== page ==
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with multiprocessing python library I can launch multiprocess, like

import multiprocessing as mu

def worker(n)
        print "worker:", n
        n = int(1e4)
        for i in range(n):
                for j in range(n):
                        i*j 
        return

if __name__ == '__main__':
        jobs = []
        for i in range(5):
                p = mu.Process(target=worker, args=(i,))
                jobs.append(p)
                p.start()

and I can get the numbers of processors (cpu cores) with

np = mu.cpu_count()

but if I have a list of process, how I can launch without overcharge the processor ?
if I have a quad core, how I can launch first 4 process? and when finish a process launch other.

References

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2 Answers 2

I would suggest side stepping the problem and using multiprocessing.Pool (example, api).

(modified from the example in the docs)

from multiprocessing import Pool

def f(x):
    return x*x

if __name__ == '__main__':
    num_proc = multiprocessing.cpu_count()
    pool = Pool(processes=num_proc)
    res = pool.map(f, range(10))

Alternately, you can set up a producer/consumer scheme and have a fixed number of long running sub-processes.

A third really quick and dirty way is using one mu.Queue. Note that get blocks until it gets a result back.

import multiprocessing as mu
import time
res = mu.Queue()

def worker(n):
    print "worker:", n
    time.sleep(1)
    res.put(n)
    return

if __name__ == '__main__':
    jobs = []
    np = mu.cpu_count()
    print np
    # start first round
    for j in range(np):
        p = mu.Process(target=worker, args=(j,))
        jobs.append(p)
        p.start()
    # every time one finishes, start the next one
    for i in range(np,15):
        r = res.get()
        print 'res', r
        p = mu.Process(target=worker, args=(i,))
        jobs.append(p)
        p.start()
    # get the remaining processes 
    for j in range(np):
        r = res.get()
        print 'res', r
share|improve this answer
    
I know the pool.map but my question is more with, how management sets of process? maybe with .is_alive() –  JuanPablo Dec 5 '12 at 15:11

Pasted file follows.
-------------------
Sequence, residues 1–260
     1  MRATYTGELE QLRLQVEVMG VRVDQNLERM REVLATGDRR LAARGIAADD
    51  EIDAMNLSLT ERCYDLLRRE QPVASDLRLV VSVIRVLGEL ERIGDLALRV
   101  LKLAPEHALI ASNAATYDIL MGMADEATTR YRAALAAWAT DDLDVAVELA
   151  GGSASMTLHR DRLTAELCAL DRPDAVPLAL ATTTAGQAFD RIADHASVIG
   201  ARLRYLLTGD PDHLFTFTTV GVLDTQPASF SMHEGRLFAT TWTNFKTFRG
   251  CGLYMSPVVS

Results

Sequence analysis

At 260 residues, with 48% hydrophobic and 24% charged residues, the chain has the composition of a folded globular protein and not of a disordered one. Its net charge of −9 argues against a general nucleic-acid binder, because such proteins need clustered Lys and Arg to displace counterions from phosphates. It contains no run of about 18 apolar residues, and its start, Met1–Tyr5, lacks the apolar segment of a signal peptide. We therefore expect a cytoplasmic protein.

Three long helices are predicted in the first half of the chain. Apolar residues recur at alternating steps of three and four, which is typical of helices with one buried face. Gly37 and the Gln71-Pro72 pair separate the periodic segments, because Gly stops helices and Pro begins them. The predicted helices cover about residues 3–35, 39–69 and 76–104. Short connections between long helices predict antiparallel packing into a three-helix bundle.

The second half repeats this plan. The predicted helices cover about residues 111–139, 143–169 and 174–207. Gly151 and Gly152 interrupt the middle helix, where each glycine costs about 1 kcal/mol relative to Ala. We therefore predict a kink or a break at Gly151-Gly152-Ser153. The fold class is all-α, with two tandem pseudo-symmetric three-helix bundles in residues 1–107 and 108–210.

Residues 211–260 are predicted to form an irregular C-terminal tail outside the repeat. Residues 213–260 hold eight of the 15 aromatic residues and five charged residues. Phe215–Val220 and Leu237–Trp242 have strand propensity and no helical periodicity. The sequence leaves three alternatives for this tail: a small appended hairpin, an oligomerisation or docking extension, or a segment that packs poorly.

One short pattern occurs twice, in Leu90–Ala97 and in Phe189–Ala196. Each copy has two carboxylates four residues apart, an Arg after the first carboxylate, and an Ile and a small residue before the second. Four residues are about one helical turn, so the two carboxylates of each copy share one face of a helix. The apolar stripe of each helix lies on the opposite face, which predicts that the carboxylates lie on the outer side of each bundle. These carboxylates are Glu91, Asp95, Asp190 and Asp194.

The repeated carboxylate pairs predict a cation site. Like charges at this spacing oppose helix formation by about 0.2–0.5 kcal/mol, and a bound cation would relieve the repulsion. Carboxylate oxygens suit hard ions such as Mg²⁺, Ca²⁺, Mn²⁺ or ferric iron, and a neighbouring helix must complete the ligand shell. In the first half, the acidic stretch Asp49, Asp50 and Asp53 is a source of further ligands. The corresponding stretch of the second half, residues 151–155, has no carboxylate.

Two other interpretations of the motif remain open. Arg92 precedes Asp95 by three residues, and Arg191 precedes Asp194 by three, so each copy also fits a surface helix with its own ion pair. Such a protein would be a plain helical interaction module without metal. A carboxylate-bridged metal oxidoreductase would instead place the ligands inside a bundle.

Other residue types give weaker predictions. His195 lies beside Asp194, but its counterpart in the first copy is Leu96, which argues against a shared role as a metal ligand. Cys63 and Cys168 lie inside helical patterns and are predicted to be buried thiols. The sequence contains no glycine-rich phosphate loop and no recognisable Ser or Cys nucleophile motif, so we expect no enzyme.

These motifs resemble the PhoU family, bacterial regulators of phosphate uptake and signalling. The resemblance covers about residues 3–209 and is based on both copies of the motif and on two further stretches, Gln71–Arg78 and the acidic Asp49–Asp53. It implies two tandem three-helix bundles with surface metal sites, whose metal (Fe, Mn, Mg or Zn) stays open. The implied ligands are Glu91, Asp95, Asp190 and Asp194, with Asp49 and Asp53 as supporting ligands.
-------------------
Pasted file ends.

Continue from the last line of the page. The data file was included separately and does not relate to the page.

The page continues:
The docs say this about the processes keyword: "If processes is None then the number returned by cpu_count() is used" so what you're suggesting with num_proc is what happens by default. –  martineau Dec 5 '12 at 15:32
    
@martineau fair enough, but it never hurts to make things explicit (I have been bitten by different default behavior between systems/versions (mostly of matplotlib styling)) –  tcaswell Dec 5 '12 at 15:59
up vote 0 down vote accepted

I make this solution

import multiprocessing as mu

def worker(n):
        print "worker:", n
        n = int(1e4/2)
        for i in range(n):
                for j in range(n):
                        i*j
        return

if __name__ == '__main__':
        jobs = []
        for i in range(5):
                p = mu.Process(target=worker, args=(i,))
                jobs.append(p)

        running = []
        np = mu.cpu_count()

        for i in range(np):
                p = jobs.pop()
                running.append(p)
                p.start()

        while jobs != []:
                for r in running:
                        if r.exitcode == 0:
                                running.remove(r)
                                p = jobs.pop()
                                p.start()
                                running.append(p)
share|improve this answer
    
I think you are going to kill the the last np processes before they are done. The main process will finish after you empty jobs and will not wait for the sub-processes to finish. –  tcaswell Dec 5 '12 at 15:57

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